The risks of ionising radiation: three new studies and their impact on imaging in sports medicine ~ Jessica Orchard and John Orchard

In 2012, two major studies were published about the risks of ionising radiation from imaging. Pearce and colleagues’ study in The Lancet examined the excess risk of leukaemia and brain tumours for children and adolescents exposed to computed tomography (CT) scans. They found that children exposed to cumulative doses of 50mGy (3-5 CTs) may have triple the risk of leukaemia, and doses of 60mGy may have almost triple the risk of brain tumours.[1]

Photo by digital cat. Used with permission. All rights reserved. Source: flickr

Photo by digital cat. Used with permission. All rights reserved. Source: flickr

In addition, the Pijpe and colleagues’ GEN-RAD-RISK paper in the BMJ[2] study showed that women such as Angelina Jolie who carry a specific mutation associated with breast cancer (BRCA1/2), and who were exposed to diagnostic radiation before the age of thirty, had almost twice the risk of breast cancer (with a dose-response pattern). This study involved lower doses, which we have previously considered fairly ‘safe’ (e.g. 4mGy from a single mammogram or shoulder X-ray).

On the basis of these studies, we wrote a blog post and started writing an editorial for the British Journal of Sports Medicine. While we were in the final stages of preparing the editorial,[3] a third study was published. The Matthews et al Australian data linkage study,[4] with an enormous cohort (11 million) showed that the adjusted overall cancer incidence for young people exposed to a CT scan was twenty-four percent greater than for those who were not exposed.

That is, one in every 1800 scans resulted in an excess cancer case. As the mean follow up time was only 9.5 years (relatively short in relation to the time taken to develop cancer), this suggests the true lifetime risk may be much higher. We await with interest the relative risk in older people to see whether the risks for the young also apply to those in middle age.

We’ve known about the risks of radiation for some time, but these three studies quantify the risks. Essentially, they show that relatively low doses of ionising radiation, previously considered ‘safe’ can translate into excess cancer cases.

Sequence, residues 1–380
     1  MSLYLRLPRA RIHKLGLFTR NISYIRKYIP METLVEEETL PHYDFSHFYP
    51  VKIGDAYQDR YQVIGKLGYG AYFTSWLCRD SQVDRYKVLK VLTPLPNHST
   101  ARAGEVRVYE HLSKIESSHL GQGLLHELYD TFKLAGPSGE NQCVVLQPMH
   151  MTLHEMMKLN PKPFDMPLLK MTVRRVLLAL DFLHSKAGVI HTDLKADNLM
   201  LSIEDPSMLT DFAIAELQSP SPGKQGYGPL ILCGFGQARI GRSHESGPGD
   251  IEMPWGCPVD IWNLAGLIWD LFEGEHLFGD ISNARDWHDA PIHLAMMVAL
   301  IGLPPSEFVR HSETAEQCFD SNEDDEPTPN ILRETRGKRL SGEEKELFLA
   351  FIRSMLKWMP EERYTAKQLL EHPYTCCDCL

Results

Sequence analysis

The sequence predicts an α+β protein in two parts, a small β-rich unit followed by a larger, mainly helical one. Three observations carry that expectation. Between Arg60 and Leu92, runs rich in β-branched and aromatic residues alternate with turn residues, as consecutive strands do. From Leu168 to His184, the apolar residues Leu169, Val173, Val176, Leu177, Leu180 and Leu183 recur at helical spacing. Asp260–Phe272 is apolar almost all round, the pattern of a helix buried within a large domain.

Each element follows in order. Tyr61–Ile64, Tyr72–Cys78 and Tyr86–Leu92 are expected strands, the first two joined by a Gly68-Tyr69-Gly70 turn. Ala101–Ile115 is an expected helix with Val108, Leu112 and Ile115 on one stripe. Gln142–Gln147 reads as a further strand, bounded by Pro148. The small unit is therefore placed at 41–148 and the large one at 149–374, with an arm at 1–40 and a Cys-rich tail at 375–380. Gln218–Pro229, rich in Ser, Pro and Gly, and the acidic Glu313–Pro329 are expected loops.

We believe that these findings call for a change in imaging practice. First, ionising radiation should be a consideration for the referring doctor when deciding whether a patient needs a scan (and if so, what type). Second, imaging techniques and machines that reduce ionising radiation doses should always be used. Finally, government funding models must be reviewed to ensure there are no inappropriate incentives towards a radiating scan.

For example, in Australia, if a young patient presents to a GP with low back pain and the GP orders a scan, Medicare would fund a CT scan but not a magnetic resonance imaging (MRI), even though this may be a safer alternative in terms of radiation.

The body of evidence is growing. We need to start translating evidence into practice, just as we did when it was discovered CT scans and X-rays should not be performed on pregnant women. Doctors can look back on scans that they ordered in the 1990s and 2000s and argue, justifiably, that they were following best practice at the time when they ordered a CT or SPECT bone scan.

From 2013, doctors who order a scan which involves ionising radiation in a young athlete would need to be able to argue that they understood the specific increased risk of cancer from these recent papers and felt that the need to get information from that specific scan outweighed that increased risk.

The days of ordering, say a CT scan to work out whether a teenage runner has a slight leg length discrepancy and might need a 3mm heel lift in one shoe, should be over as of the publication of these cancer linkage papers.

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Jessica Orchard is a Project Officer in the Cardiovascular Division and an Adjunct Lecturer in the School of Public Health, University of Sydney, Australia. With tertiary qualifications in economics, law and public health, she also has extensive research experience in sports injury epidemiology and prevention.

John Orchard is a sports physician, injury researcher and team doctor. He is an Adjunct Associate Professor in the School of Public Health, University of Sydney, Australia.


1. Pearce MS, Salotti JA, Little MP, et al. Radiation exposure from CT scans in childhood and subsequent risk of leukaemia and brain tumours: a retrospective cohort study. Lancet 2012;380(9840):499-505

2. Pijpe A, Andrieu N, Easton D, et al;. Exposure to diagnostic radiation and risk of breast cancer among carriers of BRCA1/2 mutations:  retrospective cohort study (GENE-RAD-RISK). BMJ 2012;Sep 6(345):e5660

3. Orchard J, Orchard J, Grenfell T, et al. Ionising radiation: three game-changing studies for imaging in sports medicine (editorial). British Journal of Sports Medicine 2013;[online first: 10.1136/bjsports-2013-092499]

4. Mathews J, Forsythe A, Brady Z, et al. Cancer risk in 680 000 people exposed to computed tomography scans in childhood or adolescence: data linkage study of 11 million Australians. BMJ 2013;346:f2360

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